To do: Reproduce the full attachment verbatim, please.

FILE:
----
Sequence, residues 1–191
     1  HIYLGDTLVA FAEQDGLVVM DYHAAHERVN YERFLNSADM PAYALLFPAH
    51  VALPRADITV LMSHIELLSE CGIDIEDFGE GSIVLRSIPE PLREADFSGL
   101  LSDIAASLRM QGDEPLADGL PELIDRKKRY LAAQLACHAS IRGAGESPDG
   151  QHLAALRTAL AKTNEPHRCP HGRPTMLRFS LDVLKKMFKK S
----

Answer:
Sequence, residues 1–191
     1  HIYLGDTLVA FAEQDGLVVM DYHAAHERVN YERFLNSADM PAYALLFPAH
    51  VALPRADITV LMSHIELLSE CGIDIEDFGE GSIVLRSIPE PLREADFSGL
   101  LSDIAASLRM QGDEPLADGL PELIDRKKRY LAAQLACHAS IRGAGESPDG
   151  QHLAALRTAL AKTNEPHRCP HGRPTMLRFS LDVLKKMFKK S